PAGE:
Additional Virtualization Discussions

Ubuntu VMware Guest Disk Timeout Setting.


Hello All! I couldn’t find anything regarding GOS timeout settings for Ubuntu guests in the “VMware ESX Guest OS I/O Timeout Settings for NetApp Storage Systems” KB ( ). Since I am not a Linux expert by any means, I am curious if any of the Linux flavors specified in the guide would translate to Ubuntu or not? Anyone out there have experience setting the GOS timeout for Ubuntu to the NetApp recommendation? Any help appreciated, especially a high-level procedure.






On our ubuntu servers I do this

nano -w /etc/udev/rules.d/20-netapp.rules

and add this line

KERNEL=="sda", SUBSYSTEM=="block", RUN+="/bin/sh -c '/bin/echo 190 > /sys$DEVPATH/device/timeout'"

Please note that this only works for "sda". If you have other disks, you need to add additional lines / change the disk name

This is tested and is working


Boeckx Kris



Hi Craig,

Most distros use the same tools with slightly different settings.

For the Guest VM's SCSI Disks, you are required to increased the timeout values. That's what the script in the kB does.

#Purpose: This script will create a udev rule on a RHEL 5 Guest OS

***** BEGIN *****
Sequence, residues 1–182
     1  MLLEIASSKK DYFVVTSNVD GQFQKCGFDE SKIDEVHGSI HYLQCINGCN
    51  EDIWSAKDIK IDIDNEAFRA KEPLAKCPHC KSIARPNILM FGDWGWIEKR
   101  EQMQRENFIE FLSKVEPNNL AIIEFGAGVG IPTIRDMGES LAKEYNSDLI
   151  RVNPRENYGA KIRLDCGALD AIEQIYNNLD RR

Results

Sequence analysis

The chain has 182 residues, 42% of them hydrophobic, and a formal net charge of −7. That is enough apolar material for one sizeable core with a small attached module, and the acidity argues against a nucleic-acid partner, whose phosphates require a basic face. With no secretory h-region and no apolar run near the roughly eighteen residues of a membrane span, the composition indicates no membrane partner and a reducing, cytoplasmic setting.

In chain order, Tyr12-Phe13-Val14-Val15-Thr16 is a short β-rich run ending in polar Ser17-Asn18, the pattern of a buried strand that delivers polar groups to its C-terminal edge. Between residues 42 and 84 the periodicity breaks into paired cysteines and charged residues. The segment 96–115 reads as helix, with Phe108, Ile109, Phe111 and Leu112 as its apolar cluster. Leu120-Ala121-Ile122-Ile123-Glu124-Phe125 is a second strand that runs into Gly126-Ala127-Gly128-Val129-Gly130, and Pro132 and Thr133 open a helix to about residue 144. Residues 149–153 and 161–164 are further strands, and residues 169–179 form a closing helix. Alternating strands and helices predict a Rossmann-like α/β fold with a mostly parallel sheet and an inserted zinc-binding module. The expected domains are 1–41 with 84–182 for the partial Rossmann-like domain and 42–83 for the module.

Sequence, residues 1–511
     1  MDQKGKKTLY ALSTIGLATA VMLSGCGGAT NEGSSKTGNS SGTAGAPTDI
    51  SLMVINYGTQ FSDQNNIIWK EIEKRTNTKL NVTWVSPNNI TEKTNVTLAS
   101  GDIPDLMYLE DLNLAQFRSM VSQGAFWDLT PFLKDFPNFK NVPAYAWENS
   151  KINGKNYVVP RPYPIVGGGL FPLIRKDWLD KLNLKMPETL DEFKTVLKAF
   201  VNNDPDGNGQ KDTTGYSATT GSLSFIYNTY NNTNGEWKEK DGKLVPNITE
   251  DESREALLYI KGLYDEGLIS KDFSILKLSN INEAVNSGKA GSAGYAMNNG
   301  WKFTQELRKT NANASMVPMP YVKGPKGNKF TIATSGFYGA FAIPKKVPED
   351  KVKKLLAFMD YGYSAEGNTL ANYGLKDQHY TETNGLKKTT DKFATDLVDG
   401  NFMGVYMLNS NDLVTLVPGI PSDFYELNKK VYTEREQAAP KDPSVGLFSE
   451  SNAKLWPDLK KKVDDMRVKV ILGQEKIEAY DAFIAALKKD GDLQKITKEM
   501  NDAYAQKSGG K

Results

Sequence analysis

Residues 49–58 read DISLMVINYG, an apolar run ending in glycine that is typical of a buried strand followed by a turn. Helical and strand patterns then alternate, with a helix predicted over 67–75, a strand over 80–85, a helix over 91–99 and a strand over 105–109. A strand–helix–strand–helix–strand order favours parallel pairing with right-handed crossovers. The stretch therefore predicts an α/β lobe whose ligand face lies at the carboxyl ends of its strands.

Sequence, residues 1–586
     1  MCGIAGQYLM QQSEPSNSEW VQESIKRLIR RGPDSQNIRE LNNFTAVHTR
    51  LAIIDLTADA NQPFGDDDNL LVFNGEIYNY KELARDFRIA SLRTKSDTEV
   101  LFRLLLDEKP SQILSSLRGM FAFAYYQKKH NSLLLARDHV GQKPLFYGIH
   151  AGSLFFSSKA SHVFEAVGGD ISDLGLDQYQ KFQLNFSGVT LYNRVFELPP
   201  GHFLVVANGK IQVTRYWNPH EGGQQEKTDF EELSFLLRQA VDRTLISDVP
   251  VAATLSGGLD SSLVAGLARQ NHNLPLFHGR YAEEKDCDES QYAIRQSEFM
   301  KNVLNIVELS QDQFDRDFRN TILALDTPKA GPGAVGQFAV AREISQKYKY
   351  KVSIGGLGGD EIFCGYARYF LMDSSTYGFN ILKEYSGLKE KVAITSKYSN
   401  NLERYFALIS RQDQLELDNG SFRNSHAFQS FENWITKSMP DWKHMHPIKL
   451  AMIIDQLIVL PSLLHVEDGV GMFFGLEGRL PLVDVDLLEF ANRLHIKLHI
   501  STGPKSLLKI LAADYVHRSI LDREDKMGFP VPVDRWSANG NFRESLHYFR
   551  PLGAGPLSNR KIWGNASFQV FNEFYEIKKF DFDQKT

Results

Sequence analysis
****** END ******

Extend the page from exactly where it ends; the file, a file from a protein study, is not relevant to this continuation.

#which will set the required SCSI I/O timeout (190s) for
#connectivity to NetApp storage systems.

Looking at the comments, all you need to do is increase the timeout value to 190 seconds.

1) You could write a udev rule where you trap  SCSI Disk's Add events and then run a command to update the timeout to 190 seconds. Like: ACTION=="add", SUBSYSTEM=="scsi" , SYSFS{type}=="0|7|14", RUN+="/bin/sh -c 'echo 190 > /sys\$\$DEVPATH/timeout'"

2) Other option would be to add the similar lines in /etc/rc.local

for dev in /dev/sd?; do echo 190 > /sys/block/`basename $dev`/device/timeout

The benefit of Option 1 is that the settings are applied as soon as the device is created, where as in Option 2, the settings will be applied once the OS has booted.

Disclaimer: Please note that this is not tested.


NetApp’s scripts for Redhat call “start_udev” or “udevstart” after they set up a udev rules script, but I can’t find an equivalent command for Ubuntu. There is some “udevcontrol” command that can do “start_exec_queue” and “stop_exec_queue” (whatever that means) but it doesn’t seem to be the same as what RedHat is doing.

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